GAPS Boston Baked Beans

I must apologise for my prolonged absence, I’ve been a very busy girl of late.  Working full time, attending the gym, writing my finance column and cooking all my gosh darn GAPS compliant food really chews through a girl’s time!

To keep up with modern life, you need a lot of energy and I think I’ve found the perfect breakfast for that.  Ever heard the expression “full of beans”?  It means to be full of energy and vitality.  The reasoning behind this phrase, one can only assume, is that beans are a powerhouse of energy.  It’s true, beans and legumes are an excellent source of complex carbohydrates and that means sustained release energy.  They are also chock-a-block with fibre and are full of protein too.  Add to that, they’re actually a vegetable, so if you’re one of those people who doesn’t much like veggies, just eat some beans and that’s one less carrot you’ll have to face.

Of course, GAPS patients can’t just eat any old beans, in fact there are only two permitted by Dr Natasha Campbell-McBride: haricot (navy) beans or lima beans.  Fortunately, these are very adaptable little fellows, particularly the haricot bean, and work their way splendidly into a wide variety of dishes.  I love them tossed through a salad nicoise, mashed with lemon juice and served as a side dish with steak, added to chilli con carne, or in today’s dish, Boston Baked Beans.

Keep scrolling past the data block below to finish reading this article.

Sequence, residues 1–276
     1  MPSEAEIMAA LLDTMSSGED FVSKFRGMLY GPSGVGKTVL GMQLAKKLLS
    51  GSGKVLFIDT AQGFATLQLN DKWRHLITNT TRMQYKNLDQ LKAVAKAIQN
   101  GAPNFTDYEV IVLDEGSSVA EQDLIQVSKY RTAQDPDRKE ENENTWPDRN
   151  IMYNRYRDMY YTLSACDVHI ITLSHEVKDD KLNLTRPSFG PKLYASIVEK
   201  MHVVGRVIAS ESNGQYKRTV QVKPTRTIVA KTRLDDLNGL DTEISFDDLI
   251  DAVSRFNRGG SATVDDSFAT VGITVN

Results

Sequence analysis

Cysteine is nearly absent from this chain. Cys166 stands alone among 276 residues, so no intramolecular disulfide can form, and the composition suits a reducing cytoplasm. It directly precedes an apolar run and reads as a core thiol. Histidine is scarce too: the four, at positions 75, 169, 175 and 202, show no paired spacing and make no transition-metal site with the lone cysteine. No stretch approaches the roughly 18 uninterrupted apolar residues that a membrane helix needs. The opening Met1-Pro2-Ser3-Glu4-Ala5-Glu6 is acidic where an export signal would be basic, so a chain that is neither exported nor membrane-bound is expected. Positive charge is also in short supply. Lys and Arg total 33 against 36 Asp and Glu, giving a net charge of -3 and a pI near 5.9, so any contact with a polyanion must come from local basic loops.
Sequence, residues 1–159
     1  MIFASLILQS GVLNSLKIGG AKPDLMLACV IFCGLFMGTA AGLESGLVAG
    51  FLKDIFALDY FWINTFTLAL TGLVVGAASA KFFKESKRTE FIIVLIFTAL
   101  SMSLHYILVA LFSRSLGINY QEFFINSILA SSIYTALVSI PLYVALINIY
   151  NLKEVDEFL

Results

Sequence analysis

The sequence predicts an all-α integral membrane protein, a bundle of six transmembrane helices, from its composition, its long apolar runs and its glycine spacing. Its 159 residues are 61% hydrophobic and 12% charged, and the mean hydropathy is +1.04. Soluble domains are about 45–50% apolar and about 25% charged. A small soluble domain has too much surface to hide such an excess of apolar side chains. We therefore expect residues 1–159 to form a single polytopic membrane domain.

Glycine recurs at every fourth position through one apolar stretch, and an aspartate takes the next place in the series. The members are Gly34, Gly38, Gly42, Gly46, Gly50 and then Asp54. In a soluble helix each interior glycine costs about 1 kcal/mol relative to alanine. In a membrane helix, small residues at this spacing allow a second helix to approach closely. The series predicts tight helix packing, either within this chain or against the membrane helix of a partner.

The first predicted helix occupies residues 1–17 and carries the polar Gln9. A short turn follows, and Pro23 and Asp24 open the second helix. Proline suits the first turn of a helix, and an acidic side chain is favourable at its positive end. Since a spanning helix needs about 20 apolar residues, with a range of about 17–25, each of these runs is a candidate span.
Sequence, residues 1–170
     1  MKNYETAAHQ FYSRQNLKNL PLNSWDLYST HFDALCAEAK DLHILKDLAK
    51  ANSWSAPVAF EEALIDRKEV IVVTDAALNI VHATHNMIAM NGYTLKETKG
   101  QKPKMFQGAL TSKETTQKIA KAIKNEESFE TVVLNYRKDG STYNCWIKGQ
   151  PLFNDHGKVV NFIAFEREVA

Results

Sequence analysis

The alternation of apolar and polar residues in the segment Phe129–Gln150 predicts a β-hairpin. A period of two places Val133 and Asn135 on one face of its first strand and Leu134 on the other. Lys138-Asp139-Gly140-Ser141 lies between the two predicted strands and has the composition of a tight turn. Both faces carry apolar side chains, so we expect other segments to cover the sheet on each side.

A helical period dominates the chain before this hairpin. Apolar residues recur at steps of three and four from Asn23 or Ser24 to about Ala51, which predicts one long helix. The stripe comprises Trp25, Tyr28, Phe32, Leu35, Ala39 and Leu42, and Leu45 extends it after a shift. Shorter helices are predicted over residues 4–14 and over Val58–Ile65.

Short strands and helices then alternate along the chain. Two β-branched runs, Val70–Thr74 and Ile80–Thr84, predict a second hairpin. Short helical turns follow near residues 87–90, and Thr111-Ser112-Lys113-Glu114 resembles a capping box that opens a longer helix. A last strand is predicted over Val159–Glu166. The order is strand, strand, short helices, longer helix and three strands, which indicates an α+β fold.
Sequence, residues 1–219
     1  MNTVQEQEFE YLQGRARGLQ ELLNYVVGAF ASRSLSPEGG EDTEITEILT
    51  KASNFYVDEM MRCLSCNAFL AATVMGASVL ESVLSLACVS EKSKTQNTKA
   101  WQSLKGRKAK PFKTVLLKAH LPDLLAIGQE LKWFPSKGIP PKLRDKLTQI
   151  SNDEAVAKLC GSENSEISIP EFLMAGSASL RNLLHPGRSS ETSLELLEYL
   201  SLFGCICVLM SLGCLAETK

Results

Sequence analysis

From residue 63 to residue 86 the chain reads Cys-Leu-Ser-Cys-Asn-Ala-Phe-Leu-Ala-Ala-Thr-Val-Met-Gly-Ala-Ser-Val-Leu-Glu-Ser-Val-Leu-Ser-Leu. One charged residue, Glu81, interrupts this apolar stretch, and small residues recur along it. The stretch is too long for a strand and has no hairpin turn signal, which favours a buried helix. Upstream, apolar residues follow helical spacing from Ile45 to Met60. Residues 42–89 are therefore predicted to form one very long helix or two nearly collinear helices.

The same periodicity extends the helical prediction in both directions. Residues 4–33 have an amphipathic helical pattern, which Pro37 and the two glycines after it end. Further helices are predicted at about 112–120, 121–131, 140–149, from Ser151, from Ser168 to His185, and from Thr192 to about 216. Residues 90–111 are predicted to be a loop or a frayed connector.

GAPS Boston Baked Beans


  • 3 cups dried haricot beans
  • Water for soaking beans
  • 100g nitrite free, organic or free-range bacon, chopped
  • 170g tomato paste
  • 1 cup honey
  • 2Tbsp mustard powder
  • 2 cloves garlic, crushed
  • 1 onion, finely chopped
  • 2.5 cups water


Day 1

  1. Pick over dried beans, discarding any foreign objects or dodgy looking beans, place in a bowl and cover with water.  Soak for at least 12 hours.

Day 2

  1. Rinse beans thoroughly, discard soaking water;
  2. Place bacon in a large pot and cook over medium hea;t until bacon fat has rendered
  3. Add onion and garlic and sautée until onion is clear;
  4. Add tomato paste, mustard powder and water, stir to combine and bring to boil;
  5. Add dried beans and reduce heat to simmer;
  6. Simmer for an hour or two, until beans are tender (alternately, you can put the lot in the slow cooker all day);
  7. Add honey and stir through just prior to serving.



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